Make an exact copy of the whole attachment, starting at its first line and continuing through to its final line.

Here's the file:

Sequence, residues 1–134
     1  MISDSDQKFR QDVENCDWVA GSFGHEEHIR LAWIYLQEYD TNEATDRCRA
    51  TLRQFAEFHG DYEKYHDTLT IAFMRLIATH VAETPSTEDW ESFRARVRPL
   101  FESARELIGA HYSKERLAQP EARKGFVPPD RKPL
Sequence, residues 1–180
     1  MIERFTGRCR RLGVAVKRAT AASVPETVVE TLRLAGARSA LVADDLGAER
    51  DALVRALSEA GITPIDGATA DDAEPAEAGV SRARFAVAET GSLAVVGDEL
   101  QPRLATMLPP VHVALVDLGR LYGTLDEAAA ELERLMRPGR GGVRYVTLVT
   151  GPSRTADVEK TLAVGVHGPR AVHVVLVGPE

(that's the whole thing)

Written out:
Sequence, residues 1–134
     1  MISDSDQKFR QDVENCDWVA GSFGHEEHIR LAWIYLQEYD TNEATDRCRA
    51  TLRQFAEFHG DYEKYHDTLT IAFMRLIATH VAETPSTEDW ESFRARVRPL
   101  FESARELIGA HYSKERLAQP EARKGFVPPD RKPL
Sequence, residues 1–180
     1  MIERFTGRCR RLGVAVKRAT AASVPETVVE TLRLAGARSA LVADDLGAER
    51  DALVRALSEA GITPIDGATA DDAEPAEAGV SRARFAVAET GSLAVVGDEL
   101  QPRLATMLPP VHVALVDLGR LYGTLDEAAA ELERLMRPGR GGVRYVTLVT
   151  GPSRTADVEK TLAVGVHGPR AVHVVLVGPE